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 ORIGINAL ARTICLE
Year : 2011  |  Volume : 77  |  Issue : 5  |  Page : 577--581

Skin tags, leptin, metabolic syndrome and change of the life style


1 Department of Dermatology, Faculty of Medicine, Cairo University, Cairo, Egypt
2 Department of Clinical Biochemistry, Faculty of Medicine, Cairo University, Cairo, Egypt

Correspondence Address:
Rania M Abdel Hay
13th Abrag Othman, Kournish El Maadi, Cairo - 11431
Egypt
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Source of Support: None, Conflict of Interest: None


DOI: 10.4103/0378-6323.84061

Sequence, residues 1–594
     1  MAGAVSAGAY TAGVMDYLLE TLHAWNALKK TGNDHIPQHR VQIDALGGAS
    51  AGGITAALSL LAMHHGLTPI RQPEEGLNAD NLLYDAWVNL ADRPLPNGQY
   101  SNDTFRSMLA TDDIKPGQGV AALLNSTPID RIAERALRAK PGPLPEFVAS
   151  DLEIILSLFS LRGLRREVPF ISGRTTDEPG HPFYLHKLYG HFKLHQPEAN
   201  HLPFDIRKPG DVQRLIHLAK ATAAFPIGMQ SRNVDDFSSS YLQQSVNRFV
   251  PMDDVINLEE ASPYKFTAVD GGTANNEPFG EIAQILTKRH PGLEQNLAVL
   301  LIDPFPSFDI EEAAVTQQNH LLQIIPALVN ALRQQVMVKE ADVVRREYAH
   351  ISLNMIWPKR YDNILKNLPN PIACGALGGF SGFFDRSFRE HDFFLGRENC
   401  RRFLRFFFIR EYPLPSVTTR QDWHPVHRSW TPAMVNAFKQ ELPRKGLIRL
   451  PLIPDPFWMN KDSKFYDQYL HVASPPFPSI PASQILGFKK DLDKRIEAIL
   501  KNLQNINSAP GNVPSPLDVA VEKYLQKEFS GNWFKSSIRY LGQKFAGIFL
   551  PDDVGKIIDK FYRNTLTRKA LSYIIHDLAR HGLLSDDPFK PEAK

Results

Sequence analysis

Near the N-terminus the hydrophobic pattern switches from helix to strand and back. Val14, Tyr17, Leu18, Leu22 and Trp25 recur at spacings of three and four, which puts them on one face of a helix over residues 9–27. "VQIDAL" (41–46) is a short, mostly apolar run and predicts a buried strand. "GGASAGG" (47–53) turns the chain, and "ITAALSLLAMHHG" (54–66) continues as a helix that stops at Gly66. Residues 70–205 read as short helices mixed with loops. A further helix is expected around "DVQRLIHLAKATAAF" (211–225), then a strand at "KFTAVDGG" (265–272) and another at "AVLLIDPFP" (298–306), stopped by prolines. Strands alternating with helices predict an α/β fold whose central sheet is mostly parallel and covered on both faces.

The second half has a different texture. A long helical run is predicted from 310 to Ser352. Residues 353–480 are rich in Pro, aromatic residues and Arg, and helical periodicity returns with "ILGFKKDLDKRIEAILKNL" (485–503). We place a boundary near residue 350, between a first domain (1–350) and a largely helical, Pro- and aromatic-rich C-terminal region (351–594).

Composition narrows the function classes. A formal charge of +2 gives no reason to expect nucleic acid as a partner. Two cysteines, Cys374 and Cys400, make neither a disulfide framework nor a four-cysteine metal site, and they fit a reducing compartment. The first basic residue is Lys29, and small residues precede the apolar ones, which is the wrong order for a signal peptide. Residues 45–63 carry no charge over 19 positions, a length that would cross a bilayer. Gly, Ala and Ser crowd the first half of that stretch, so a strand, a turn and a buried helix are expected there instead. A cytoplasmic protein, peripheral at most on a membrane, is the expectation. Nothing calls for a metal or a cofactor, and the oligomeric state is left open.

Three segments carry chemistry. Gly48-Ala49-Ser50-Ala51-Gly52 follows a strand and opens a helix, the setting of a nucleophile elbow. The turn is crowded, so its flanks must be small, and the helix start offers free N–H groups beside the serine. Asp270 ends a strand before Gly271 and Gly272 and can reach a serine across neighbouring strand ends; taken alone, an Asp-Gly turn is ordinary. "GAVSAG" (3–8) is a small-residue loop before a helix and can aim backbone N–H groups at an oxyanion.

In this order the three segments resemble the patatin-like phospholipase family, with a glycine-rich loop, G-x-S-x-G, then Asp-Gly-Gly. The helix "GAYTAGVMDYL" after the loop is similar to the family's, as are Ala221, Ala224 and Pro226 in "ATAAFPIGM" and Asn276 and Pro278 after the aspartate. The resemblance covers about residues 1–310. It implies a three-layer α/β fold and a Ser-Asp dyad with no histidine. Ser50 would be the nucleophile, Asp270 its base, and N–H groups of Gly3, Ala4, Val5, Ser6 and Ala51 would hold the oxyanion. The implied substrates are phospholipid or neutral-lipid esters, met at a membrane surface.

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Background: Skin tags (STs), are papillomas commonly found in the neck and in the axillae of middle-aged and elderly people. Metabolic syndrome (MS) is a complex of interrelated risk factors for cardiovascular disease and diabetes. Epidemiologic studies of different ethnic populations have indicated that hyperleptinaemia and leptin resistance are strongly associated with MS. Aim: To study the possible relation of skin tags and leptin levels to MS guided by the International Diabetes Federation (IDF) diagnostic criteria. Methods: This study included 80 participants, 40 ST patients and 40 apparently healthy controls. Age, sex, waist circumference (WC), body mass index (BMI), smoking status, fasting glucose level, insulin level and insulin resistance were estimated as well as cholesterol, triglycerides, HDL, criteria of MS, and leptin levels. Results: The univariate analysis showed that WC, BMI, fasting glucose, insulin levels, insulin resistance, cholesterol, triglycerides, HDL, and leptin levels were significantly higher in ST patients compared to controls (P < 0.001). The multivariate analysis between MS components and ST showed that only high triglyceride levels (OR 1.205/95% CI 1.044-1.391/P = 0.011) and low HDL levels (OR 0.554/95% CI 0.384-0.800/P = 0.002) were significantly associated with ST. Multivariate linear regression analysis of the predictors of high plasma leptin levels, showed that high triglyceride levels (OR 0.287/95% CI 0.410-3.56/P = 0.014), and low HDL levels (OR -0.404/95% CI -8.7 to -2.08/P = 0.002) were significant predictors. Conclusion: The results of this study suggested that the presence of both ST and hyperleptinaemia in patients with STs may be associated with high levels of triglycerides and low levels of HDL and this could suggest that changing the life style of patients with ST may have a beneficial role.






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